- Others are in home groups – and they are all led by elders.
So there are options.
What we don’t do:
We don’t live in a parish any more.
Since the 4th century priests were allocated a section of the diocese called a parish. The word parish comes from the greek word παρоικία meaning district.
In that system if you lived in the district – a geographically defined area – you were in that Parish. Parish records were kept about people in the parish – and if you moved out of the area – you ended up in another parish.
The world has changed:
Consumer driven issues drive peoples’ church attendance. They travel long distances to go to the church of choice.
I don’t blame them really. And we don’t all live in the same area – people do travel. And we’re not going to draw a line on a map and send you to another church – like they do with school zoning.
But there is a different approach. It can be like this: I belong where I can be part of a community that really cures and cares for my soul.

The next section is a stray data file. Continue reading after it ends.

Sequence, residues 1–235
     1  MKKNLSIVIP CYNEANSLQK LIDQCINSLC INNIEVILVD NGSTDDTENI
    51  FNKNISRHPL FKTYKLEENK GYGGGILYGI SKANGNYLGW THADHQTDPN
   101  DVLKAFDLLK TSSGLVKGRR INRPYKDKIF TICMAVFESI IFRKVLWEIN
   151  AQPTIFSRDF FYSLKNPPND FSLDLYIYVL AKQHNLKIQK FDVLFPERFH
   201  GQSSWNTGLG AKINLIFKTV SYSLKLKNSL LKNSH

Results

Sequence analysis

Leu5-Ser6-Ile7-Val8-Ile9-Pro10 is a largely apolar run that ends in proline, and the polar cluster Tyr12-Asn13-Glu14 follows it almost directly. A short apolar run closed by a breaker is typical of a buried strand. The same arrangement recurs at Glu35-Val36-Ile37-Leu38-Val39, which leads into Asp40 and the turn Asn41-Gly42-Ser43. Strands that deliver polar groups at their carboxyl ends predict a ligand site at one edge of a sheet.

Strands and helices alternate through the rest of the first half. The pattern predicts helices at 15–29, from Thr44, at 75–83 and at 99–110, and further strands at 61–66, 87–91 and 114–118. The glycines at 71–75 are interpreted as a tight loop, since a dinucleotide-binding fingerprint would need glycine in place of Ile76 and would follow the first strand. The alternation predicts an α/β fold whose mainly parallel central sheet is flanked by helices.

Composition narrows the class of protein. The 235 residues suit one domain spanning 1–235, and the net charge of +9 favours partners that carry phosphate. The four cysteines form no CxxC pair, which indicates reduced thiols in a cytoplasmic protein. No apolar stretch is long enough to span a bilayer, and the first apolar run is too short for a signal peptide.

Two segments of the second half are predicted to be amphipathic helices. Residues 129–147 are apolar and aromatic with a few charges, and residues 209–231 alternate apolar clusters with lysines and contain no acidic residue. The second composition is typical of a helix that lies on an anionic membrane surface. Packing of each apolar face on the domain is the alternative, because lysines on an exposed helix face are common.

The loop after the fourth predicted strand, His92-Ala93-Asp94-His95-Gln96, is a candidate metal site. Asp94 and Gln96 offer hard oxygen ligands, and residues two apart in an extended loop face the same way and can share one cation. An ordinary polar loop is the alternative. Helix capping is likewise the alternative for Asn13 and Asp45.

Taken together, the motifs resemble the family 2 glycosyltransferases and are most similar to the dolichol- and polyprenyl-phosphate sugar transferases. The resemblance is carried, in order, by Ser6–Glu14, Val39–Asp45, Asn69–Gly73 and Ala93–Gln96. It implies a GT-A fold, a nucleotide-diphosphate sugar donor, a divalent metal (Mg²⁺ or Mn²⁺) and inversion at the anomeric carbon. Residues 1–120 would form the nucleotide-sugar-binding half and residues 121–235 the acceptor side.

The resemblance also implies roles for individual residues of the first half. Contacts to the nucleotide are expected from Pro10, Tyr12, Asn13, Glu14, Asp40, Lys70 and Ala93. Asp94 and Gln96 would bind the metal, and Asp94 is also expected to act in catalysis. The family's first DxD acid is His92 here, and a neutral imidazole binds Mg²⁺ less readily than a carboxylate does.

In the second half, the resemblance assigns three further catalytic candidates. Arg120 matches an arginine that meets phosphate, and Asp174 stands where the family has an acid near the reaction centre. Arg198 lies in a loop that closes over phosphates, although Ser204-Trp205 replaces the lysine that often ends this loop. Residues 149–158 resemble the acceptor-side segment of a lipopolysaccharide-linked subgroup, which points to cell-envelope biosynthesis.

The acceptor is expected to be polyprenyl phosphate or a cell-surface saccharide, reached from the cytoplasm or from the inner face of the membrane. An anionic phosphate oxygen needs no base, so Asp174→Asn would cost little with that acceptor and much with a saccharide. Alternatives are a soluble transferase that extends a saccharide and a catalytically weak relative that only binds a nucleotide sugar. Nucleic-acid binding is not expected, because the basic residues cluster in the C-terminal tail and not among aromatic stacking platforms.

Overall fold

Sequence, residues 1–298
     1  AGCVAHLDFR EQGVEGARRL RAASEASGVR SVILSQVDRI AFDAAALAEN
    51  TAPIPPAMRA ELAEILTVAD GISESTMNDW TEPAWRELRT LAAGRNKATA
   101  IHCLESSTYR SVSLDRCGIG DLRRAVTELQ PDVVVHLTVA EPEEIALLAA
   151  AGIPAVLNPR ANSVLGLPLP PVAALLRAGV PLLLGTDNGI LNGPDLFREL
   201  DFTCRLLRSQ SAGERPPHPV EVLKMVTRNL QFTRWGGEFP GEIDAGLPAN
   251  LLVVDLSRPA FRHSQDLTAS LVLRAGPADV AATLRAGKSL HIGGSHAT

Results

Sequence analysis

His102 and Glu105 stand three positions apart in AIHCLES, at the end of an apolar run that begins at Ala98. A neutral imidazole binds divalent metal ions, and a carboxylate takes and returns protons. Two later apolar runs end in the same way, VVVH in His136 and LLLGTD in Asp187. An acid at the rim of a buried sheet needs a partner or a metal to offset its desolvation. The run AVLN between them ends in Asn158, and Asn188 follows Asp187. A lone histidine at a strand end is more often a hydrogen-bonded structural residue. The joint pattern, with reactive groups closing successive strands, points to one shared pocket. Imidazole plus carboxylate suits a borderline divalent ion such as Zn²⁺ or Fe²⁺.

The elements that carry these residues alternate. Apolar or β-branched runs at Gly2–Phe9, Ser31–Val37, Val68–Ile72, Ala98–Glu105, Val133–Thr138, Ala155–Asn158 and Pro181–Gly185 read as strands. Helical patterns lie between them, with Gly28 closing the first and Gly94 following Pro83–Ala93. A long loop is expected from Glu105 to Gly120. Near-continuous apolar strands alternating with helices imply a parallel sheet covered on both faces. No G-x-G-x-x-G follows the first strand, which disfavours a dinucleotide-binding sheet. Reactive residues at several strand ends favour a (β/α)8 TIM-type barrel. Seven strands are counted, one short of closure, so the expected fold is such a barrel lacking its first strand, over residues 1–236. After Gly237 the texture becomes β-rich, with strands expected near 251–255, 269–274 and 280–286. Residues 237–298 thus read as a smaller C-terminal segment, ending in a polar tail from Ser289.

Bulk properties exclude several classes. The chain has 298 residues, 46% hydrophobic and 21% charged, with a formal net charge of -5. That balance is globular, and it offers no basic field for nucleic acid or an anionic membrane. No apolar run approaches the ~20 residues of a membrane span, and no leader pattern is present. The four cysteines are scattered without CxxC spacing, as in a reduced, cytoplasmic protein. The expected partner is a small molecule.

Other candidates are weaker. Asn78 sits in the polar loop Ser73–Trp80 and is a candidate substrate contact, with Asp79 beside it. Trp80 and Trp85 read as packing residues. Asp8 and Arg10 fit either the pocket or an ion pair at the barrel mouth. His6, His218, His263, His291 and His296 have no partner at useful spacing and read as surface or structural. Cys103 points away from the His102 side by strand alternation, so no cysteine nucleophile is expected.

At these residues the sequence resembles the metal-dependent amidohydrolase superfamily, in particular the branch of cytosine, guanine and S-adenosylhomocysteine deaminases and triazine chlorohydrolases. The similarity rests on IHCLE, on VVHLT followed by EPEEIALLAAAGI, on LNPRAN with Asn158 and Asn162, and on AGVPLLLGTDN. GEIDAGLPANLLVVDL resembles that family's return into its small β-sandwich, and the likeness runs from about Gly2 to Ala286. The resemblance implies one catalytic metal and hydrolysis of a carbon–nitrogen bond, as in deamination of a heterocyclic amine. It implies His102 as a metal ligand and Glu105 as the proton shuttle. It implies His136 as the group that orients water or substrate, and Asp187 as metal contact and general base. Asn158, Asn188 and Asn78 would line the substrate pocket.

Where I put roots down and build genuine relationships.
No more pretence. No more sweet smiles and “fine thank yous” when in fact I am suffering greatly.
- Where I can know people and be known in a little flock of some sort – where we live out this Christian life with integrity. Honesty. And real care.
- Where I grow in faith and knowledge – and can be strong and safe from the attacks of the enemy and of false shepherds who are wolves dressed up in some other outfit.
The home group remains the best place for this. And the wider church family forms the extended family for this.
So that when it happens as in Psalm 23: I walk through the valley of the shadow of death – I will know that Jesus is with me because his co-shepherds and other sheep are there for me too – helping me to care for my soul until the end.
And if you translate that verse 4 in another valid way –and I walk through the valley of deep darkness (in depression, grief or pain of any sort) – I can know the reality of the Good Shepherd with me not in isolation but in community where co-shepherds sustain me in love and prayer and acceptance – where the church is a hospital for the sick seeking to get better – and not a rah-rah party for people who think they have solved everything in their lives. Because they haven’t.